Time for another reset button? Sergei Lavrov’s latest warning to Ukraine makes it clear that the first model didn’t do much to change Russia’s ideas of sovereignty in its neighborhood. Speaking on RT, Lavrov said that Moscow will use the same strategy employed in 2008 in their reaction to Georgia’s lurch to the West if Ukraine gets out of hand:
Russia will respond if its interests are attacked in Ukraine, as they were in South Ossetia in 2008 which led to war with Georgia, Foreign Minister Sergei Lavrov said Wednesday.
“If we are attacked, we would certainly respond,” he told state-controlled RT television in an interview.
“If our interests, our legitimate interests, the interests of Russians have been attacked directly, like they were in South Ossetia for example, I do not see any other way but to respond in accordance with international law.”
Lavrov did not elaborate further on what the response would entail but the reference to Georgia’s breakaway region of South Ossetia strongly hints at the possibility of military action.
That’s not exactly a surprise. Despite the reset button, Russia has never changed its approach to its former Soviet republics. They have barely recognized their sovereignty, especially during the Vladimir Putin era. The 2008 war with Georgia took the blinders off of the Bush administration — belatedly — about the imperial ambitions of Putin and his oligarchical cronies, even if the current administration put them back on until the last few weeks.
The Washington Post also belatedly notes a revival of Soviet nostalgia — and not just nostalgia, either:
Gone these 23 years, the Soviet Union is suddenly alive and well again in the minds of a giddy cohort of the Russian elite. Not the ideology, please — but the gravity, the cold-eyed assertion of power abroad and at home, and the allegiance demanded by the state.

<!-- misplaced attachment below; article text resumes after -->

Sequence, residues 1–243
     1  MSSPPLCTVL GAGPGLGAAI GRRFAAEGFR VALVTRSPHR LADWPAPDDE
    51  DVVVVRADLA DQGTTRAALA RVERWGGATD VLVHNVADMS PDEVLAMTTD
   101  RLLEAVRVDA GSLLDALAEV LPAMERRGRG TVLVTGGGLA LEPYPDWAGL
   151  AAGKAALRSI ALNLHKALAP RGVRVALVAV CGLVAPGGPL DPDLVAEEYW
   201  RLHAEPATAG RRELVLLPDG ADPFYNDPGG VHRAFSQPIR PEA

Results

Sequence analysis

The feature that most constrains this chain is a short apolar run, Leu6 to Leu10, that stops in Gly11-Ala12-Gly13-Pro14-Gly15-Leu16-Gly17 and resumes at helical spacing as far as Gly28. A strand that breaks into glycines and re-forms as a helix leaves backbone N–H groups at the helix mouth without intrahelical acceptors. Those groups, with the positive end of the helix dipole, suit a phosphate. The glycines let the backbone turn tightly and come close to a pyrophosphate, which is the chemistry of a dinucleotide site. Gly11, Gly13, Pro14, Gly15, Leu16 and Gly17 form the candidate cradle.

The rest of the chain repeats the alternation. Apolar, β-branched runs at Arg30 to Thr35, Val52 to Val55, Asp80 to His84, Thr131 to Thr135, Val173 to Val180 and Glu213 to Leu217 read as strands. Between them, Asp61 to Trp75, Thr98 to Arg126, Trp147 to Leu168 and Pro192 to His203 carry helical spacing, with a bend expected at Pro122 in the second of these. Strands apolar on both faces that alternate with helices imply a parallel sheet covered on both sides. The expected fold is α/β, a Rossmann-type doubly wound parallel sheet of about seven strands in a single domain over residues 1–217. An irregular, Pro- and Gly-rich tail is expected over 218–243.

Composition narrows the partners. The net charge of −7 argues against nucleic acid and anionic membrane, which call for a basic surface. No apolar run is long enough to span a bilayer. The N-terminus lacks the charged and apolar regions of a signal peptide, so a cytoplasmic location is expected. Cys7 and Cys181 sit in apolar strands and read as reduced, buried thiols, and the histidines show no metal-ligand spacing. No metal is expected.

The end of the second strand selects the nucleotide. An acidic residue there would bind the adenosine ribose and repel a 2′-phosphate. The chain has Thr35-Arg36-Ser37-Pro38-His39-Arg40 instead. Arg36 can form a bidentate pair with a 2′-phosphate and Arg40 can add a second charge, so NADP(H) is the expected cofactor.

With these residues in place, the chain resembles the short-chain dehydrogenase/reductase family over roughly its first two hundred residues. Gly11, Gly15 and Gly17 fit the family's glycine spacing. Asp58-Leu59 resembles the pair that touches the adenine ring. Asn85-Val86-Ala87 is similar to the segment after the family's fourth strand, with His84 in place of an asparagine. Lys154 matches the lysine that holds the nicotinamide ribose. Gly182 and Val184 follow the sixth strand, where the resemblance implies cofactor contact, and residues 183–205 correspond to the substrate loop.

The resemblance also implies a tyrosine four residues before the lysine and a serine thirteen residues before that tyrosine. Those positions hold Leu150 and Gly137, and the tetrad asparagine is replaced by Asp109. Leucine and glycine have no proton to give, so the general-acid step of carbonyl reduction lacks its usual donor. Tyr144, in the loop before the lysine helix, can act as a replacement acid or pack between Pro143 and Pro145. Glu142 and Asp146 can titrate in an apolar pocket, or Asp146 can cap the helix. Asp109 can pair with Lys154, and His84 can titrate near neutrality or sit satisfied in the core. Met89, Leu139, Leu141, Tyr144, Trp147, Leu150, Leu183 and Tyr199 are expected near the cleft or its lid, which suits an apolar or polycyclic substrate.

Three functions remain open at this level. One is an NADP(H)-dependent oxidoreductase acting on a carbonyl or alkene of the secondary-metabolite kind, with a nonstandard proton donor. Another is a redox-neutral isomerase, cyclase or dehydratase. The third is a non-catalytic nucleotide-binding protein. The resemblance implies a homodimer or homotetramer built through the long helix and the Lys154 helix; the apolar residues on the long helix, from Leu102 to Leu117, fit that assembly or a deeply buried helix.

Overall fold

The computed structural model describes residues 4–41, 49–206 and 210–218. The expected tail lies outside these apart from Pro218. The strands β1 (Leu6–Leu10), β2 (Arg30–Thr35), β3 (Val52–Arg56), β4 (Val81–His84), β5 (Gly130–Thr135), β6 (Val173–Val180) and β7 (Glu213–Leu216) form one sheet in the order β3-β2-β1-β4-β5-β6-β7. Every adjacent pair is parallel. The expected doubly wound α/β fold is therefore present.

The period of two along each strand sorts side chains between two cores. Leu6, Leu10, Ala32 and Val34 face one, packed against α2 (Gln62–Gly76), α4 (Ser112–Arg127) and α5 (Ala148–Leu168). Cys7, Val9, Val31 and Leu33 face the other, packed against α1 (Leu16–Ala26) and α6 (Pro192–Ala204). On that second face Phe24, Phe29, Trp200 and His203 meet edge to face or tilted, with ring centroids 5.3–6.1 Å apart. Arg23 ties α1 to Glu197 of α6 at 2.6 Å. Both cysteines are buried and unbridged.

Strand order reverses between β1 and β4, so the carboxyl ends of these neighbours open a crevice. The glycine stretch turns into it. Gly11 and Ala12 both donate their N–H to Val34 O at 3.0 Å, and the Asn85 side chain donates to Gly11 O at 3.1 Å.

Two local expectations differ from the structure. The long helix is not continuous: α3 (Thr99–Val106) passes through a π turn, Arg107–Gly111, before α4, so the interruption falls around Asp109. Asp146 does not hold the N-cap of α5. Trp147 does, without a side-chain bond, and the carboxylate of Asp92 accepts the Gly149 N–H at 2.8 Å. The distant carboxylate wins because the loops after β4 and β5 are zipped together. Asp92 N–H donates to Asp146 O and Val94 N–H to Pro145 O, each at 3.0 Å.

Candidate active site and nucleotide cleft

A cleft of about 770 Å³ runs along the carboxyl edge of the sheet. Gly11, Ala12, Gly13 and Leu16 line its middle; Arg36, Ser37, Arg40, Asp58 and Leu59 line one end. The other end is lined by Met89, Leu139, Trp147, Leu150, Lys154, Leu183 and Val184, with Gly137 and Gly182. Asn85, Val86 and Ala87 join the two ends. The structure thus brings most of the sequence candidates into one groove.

The equinox of Russia’s “Soviet spring” coincided with the appearance of the men in green who took over Crimea for Moscow. It blossomed with a wave of patriotic denunciations of fellow citizens and a torrent of new restrictive legislation.
On Tuesday came another sign: media reports that the Interior Ministry was banning foreign travel by every one of the nation’s police officers. And other law enforcement agencies were said to be following suit, so that as many as 4 million state employees may find themselves unwelcome to leave. And maybe their spouses and children, too.
Easy foreign travel has been the great advantage Russian citizens enjoyed over their Soviet counterparts. About 40 million Russians went abroad last year. But Tuesday’s report, semi-
denied or half-qualified by the authorities, suggested that restrictions are creeping back.
It’s not so much that ordinary Russians sympathize with stranded police officers, but they fear a reintroduction of the old Soviet exit-visa system, which left would-be travelers at the mercy of the bureaucracy.
Is this really news? The Russian Olympics featured a gigantic hammer and sickle during the opening ceremonies, which NBC passed off as a salute to “one of history’s pivotal experiments.” Putin has been lamenting the collapse of the Soviet Union as a terrible mistake ever since taking power. This isn’t new; it’s just that most of the West hasn’t been paying attention.
The only reason Russia hasn’t asserted itself before now is that their economy couldn’t match the demands of imperialism. And the only way to stop it — at least while Putin and his clique are in charge — is to make sure it can’t in the future, either. That would require the West to stop treating Russian imperialism as strictly nostalgic and get serious about Putin.